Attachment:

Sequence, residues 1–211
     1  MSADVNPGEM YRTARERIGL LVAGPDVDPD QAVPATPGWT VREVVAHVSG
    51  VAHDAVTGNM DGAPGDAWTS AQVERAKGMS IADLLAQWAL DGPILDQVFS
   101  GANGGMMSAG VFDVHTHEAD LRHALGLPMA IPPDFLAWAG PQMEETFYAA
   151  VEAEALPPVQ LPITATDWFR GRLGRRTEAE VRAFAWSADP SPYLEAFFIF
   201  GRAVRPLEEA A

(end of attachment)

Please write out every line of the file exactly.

Sequence, residues 1–211
     1  MSADVNPGEM YRTARERIGL LVAGPDVDPD QAVPATPGWT VREVVAHVSG
    51  VAHDAVTGNM DGAPGDAWTS AQVERAKGMS IADLLAQWAL DGPILDQVFS
   101  GANGGMMSAG VFDVHTHEAD LRHALGLPMA IPPDFLAWAG PQMEETFYAA
   151  VEAEALPPVQ LPITATDWFR GRLGRRTEAE VRAFAWSADP SPYLEAFFIF
   201  GRAVRPLEEA A